Then there are little bit more rare treatment options for very specific immune deficiencies which include things like interferon injections.
Transplants (thymus or bone marrow)
Last, but not least there are even in more severe and complicated situations. We have the ability for some folks to undergo a transplant of thymus, which is one of the immune system organs and bone marrow transplant.
There also are types of gene therapies that are also now used for particular immune deficiency disorders.
The Immune Systems Role in Cancer
One of the frustrating aspects of primary immune deficiencies are that with that deficiency the immune system many times does not do as good of a job, not only recognizing infections, but also potential cancers. So that's a nice segue into discussing the immune system's role in cancer.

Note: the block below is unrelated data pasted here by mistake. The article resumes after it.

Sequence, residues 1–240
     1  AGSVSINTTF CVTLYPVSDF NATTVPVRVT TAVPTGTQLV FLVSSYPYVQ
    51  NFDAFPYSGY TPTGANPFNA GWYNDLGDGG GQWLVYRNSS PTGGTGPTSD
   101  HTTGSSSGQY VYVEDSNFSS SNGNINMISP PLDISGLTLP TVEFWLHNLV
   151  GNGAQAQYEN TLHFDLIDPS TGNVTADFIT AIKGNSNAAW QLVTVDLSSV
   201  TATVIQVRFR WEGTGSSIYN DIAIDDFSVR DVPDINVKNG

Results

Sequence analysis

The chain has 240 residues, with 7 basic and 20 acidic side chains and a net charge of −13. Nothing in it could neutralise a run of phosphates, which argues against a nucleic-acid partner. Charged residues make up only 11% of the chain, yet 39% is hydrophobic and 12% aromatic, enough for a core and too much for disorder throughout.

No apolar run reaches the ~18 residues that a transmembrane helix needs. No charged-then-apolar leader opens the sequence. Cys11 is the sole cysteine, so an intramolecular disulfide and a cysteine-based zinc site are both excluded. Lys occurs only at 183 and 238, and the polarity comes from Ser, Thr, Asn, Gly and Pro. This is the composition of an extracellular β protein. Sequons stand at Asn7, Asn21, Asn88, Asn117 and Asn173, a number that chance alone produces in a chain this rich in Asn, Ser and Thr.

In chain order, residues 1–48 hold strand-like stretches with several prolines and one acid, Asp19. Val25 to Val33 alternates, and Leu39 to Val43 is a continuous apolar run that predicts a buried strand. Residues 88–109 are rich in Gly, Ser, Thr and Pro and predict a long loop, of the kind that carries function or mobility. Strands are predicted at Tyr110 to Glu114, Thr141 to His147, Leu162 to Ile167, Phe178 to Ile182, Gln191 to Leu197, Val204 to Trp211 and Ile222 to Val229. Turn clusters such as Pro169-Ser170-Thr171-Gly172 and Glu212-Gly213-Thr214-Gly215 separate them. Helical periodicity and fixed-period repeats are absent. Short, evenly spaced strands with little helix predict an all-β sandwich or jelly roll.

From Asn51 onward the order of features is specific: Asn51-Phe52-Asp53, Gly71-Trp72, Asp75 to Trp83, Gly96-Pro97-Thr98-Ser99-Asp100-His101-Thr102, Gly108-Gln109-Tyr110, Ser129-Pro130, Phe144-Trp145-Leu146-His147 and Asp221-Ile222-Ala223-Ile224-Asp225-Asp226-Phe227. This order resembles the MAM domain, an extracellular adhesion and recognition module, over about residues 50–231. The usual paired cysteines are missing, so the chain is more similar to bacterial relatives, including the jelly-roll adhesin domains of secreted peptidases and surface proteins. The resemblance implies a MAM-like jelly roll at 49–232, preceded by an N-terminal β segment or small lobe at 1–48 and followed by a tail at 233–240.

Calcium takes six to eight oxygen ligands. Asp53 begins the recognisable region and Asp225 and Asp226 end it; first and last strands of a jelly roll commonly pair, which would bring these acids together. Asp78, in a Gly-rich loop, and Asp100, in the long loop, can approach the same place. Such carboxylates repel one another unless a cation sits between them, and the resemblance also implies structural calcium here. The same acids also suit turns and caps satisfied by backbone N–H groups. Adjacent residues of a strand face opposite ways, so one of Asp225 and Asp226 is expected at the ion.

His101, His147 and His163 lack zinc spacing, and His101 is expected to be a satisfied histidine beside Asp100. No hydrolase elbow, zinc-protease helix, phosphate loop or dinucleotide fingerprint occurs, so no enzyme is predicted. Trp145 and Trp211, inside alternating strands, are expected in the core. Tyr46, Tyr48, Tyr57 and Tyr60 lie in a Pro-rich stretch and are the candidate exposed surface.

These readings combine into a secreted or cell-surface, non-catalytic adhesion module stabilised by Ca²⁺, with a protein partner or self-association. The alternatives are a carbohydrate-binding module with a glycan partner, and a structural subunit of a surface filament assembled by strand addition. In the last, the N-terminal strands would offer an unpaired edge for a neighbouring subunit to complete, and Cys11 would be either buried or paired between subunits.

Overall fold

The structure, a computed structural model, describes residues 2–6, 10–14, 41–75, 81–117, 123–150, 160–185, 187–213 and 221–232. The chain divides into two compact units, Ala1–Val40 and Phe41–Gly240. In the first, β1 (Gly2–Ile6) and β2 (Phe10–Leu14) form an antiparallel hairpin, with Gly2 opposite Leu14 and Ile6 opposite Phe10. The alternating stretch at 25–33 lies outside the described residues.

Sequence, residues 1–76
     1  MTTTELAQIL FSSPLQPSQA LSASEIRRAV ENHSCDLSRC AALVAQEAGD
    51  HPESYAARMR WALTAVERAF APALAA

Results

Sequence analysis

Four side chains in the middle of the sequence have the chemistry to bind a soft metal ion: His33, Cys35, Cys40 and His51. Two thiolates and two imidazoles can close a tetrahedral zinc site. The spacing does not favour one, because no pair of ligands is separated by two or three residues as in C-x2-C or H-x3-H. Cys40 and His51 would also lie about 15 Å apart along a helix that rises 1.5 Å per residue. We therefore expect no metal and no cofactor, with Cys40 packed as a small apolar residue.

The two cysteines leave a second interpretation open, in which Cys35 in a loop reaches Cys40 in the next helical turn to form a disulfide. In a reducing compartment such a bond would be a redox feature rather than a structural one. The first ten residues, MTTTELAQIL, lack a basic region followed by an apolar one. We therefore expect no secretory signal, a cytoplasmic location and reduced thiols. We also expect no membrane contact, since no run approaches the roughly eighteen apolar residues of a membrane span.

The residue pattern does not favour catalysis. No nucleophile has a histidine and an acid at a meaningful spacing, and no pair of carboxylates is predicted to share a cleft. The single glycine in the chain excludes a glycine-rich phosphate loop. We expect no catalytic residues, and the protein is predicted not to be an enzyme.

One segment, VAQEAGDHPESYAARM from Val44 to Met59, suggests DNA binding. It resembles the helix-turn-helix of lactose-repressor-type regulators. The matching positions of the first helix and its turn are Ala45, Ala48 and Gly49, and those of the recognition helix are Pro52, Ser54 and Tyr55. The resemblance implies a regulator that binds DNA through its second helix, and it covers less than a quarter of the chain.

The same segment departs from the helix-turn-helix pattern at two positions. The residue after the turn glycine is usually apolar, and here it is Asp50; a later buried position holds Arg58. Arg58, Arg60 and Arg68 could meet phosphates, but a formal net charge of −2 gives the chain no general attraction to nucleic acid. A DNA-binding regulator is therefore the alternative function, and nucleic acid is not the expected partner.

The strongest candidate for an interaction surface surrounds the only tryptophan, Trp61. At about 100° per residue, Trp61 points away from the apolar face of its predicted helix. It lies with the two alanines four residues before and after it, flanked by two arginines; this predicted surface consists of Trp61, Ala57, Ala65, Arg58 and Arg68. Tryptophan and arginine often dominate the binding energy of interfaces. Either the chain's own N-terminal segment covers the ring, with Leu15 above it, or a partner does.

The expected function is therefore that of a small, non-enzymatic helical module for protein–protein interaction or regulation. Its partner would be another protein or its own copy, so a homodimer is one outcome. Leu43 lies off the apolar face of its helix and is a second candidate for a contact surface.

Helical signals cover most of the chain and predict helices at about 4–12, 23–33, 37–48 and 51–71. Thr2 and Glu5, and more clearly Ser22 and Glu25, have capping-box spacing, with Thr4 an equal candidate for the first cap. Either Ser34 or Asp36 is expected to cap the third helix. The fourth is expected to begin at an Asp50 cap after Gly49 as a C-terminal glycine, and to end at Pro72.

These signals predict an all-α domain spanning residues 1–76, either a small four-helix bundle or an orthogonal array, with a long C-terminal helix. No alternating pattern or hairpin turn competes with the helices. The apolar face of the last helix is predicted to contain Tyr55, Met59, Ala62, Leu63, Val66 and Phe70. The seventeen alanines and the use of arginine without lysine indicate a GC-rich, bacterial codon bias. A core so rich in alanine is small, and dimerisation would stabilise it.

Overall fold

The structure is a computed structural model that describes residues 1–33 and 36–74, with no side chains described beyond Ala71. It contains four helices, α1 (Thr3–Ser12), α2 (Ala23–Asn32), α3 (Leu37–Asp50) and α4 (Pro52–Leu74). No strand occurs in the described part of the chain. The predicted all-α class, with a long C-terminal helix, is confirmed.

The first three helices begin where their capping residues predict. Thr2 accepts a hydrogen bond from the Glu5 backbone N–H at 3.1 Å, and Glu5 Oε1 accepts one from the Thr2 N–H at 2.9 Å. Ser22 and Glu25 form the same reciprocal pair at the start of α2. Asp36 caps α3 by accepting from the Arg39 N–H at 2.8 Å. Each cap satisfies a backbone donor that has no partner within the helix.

Cancer is uncontrolled or unchecked growth and multiplication of our own cells that shouldn't be occurring. It's unchecked tissue growth and that can occur in all types of our cells and based on where those cells come from or what types of cells those are, that's where the name of the cancer is drived from.
The immune system is able to, and should be able to generally speaking, identify when our own cells go rogue. In part, because when these changes occur in a cell and the cell goes rogue, they start producing typically certain proteins or other receptors, other substances that are not normal.
So, in a perfect world, the immune system recognizes that something is not right, that this is not a normal self and then works to identify and attack those rogue cells. Unfortunately, what happens in many instances, is that cancers or tumors will evolve strategies to evade the immune system's response.